In June 1997, the FDA published the first warning about the development of diabetes mellitus associated with the use of PIs. In February 1998, CROI in Chicago finally brought home the realization among clinicians that protease inhibitors were perhaps not as selective as had long been believed. One poster after another, indeed whole walls of pictures, showed fat abdomens, buffalo humps, thin legs and faces. A new term was introduced at the beginning of 1998 which would influence antiretroviral therapy for years to come: lipodystrophy. And so the old medical saying was shown to hold true for ART as well: all effective drugs have side effects. The actual cause of lipodystrophy remained completely unclear. Then, in early 1999, a plausible hypothesis emerged from the Netherlands, mitochondrial toxicity (Brinkmann 1999). It has become an ubiquitous term in HIV medicine today.

The dream of eradication (and cure), widely hoped for in the beginning, was eventually abandoned. Mathematical models were evidently not real life. In 1997, it was estimated that viral suppression with a maximum duration of three years was necessary; in this time it was predicted that all infected cells would die. Since then, the duration has constantly been adjusted upwards. More recent estimates have evolved to around 60 to 70 years (Silicano 2003). These numbers show just one thing: HIV will not be cured with standard ART for some time to come. More recent studies have come to the sobering conclusion that HIV remains detectable in latent infected cells, even after long-term suppression. Regardless, we need to talk about being able to cure the disease someday, however utopian it may seem now. We will never get there without a vision.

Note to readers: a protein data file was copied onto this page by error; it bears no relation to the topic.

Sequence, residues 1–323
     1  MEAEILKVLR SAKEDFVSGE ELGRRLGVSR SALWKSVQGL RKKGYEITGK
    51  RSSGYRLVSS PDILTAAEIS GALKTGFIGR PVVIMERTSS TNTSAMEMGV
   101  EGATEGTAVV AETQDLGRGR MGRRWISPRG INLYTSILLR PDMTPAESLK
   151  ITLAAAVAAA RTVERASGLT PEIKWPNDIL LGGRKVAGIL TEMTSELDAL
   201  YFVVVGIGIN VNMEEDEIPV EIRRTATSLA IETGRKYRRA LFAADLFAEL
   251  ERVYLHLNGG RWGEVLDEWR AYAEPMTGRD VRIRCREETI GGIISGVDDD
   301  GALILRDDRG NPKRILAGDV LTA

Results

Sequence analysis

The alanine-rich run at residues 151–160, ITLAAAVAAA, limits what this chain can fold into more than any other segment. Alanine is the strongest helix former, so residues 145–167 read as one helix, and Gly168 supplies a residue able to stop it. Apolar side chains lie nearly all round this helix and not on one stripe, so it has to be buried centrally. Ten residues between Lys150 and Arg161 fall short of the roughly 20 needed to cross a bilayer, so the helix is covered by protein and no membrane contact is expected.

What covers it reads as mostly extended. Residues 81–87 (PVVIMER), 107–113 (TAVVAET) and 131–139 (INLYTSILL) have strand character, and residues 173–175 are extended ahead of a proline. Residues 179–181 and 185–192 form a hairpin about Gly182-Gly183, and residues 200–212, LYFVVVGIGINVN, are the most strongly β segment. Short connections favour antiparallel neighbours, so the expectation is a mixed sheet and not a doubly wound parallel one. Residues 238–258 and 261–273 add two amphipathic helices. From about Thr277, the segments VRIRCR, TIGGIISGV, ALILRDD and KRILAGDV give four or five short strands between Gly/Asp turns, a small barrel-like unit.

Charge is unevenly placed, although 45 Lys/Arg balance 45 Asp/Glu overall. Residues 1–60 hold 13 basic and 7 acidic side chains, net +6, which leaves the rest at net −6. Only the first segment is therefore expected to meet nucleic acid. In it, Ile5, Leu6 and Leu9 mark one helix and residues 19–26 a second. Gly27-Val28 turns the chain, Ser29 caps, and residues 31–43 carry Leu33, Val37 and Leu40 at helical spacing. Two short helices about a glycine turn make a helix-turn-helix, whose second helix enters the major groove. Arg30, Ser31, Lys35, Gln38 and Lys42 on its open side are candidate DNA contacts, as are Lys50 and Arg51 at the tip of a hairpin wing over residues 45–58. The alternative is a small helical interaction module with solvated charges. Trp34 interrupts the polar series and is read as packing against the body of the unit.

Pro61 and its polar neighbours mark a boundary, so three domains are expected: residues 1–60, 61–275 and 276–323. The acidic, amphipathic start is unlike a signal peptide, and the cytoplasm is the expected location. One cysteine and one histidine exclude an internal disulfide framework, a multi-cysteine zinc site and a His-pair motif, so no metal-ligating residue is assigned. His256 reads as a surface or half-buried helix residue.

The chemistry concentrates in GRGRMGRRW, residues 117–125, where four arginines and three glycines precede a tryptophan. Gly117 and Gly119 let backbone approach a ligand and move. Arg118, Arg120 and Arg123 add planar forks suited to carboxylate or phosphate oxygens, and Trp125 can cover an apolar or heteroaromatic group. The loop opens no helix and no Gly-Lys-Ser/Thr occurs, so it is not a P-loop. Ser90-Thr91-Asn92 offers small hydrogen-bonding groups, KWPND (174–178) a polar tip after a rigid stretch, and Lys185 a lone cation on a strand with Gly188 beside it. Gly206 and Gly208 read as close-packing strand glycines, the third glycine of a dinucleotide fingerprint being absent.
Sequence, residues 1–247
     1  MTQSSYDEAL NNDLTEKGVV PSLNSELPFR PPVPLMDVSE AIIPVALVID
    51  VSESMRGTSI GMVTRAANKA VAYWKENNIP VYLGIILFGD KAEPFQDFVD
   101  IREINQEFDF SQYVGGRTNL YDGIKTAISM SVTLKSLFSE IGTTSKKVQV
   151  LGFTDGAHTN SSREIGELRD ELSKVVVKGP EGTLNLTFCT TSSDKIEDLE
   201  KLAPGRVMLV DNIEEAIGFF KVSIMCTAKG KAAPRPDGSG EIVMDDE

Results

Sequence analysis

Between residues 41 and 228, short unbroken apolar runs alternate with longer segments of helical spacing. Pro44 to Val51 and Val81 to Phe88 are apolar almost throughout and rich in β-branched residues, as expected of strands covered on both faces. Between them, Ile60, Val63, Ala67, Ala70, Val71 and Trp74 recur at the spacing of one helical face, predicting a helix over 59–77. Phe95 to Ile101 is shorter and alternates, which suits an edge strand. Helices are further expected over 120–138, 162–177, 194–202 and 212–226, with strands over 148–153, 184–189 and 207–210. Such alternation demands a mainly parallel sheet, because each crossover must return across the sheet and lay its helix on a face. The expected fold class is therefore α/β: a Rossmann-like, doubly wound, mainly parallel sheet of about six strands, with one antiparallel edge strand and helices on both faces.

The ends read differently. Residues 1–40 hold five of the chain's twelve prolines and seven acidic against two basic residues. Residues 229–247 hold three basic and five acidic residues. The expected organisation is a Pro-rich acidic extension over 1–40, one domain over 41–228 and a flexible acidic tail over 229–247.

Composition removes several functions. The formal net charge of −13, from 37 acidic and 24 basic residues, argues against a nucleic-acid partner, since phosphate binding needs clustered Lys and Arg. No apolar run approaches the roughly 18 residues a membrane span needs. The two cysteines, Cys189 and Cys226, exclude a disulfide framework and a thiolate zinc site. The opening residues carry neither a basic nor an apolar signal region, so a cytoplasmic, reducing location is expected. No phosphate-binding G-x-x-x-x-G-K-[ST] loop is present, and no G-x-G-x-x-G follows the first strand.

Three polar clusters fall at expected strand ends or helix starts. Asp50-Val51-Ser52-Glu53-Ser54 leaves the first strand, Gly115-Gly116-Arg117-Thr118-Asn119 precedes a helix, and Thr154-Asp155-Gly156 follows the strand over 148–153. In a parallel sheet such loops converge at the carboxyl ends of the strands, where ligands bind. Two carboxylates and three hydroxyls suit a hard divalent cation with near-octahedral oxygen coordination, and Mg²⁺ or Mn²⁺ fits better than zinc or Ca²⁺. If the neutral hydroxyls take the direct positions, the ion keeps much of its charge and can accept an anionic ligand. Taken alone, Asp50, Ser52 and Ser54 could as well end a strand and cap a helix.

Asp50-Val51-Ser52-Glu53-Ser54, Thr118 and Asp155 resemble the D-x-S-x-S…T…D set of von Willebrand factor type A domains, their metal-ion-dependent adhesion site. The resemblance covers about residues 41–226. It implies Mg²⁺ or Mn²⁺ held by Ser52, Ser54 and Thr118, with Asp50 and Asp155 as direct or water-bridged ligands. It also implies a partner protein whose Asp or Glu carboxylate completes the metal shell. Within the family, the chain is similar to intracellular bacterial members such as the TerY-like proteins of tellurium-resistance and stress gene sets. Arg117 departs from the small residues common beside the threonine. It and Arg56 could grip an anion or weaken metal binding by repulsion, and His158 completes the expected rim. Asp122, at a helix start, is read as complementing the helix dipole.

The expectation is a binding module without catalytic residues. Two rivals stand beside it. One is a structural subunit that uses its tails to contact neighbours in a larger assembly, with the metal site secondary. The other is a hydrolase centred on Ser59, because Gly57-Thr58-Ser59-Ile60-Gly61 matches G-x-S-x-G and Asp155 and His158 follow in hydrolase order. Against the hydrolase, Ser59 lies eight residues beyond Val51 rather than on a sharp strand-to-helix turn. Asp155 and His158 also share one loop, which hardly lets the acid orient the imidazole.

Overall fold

In fact, today’s reality seemed impossible ten years ago: HIV infection is a chronic disease which, although incurable, is controllable lifelong with therapy, even in patients with resistant virus. CCR5 antagonists as well as integrase inhibitors have opened up new possibilities of treatment. It has become increasingly possible to lower viral loads below detection in most patients. The pioneer drugs maraviroc and raltegravir have shown to be well-tolerated, even to the degree of causing distrust. The new drug classes will bring about fundamental changes to current ART. The dogma of always using two nucleoside analogs as the backbone of every therapy may start to change. Many of the currently widespread drugs will disappear over the next few years. The end of HIVID®, Agenerase® or Fortovase® is just the beginning. Veteran agents like AZT, d4T, ddI, nelfinavir or indinavir are not recommended by guidelines anymore although they served us in HIV management in the nineties. Will we be needing saquinavir, fosampranavir, nevirapine or even efavirenz and lopinavir as much as we do today five years from now?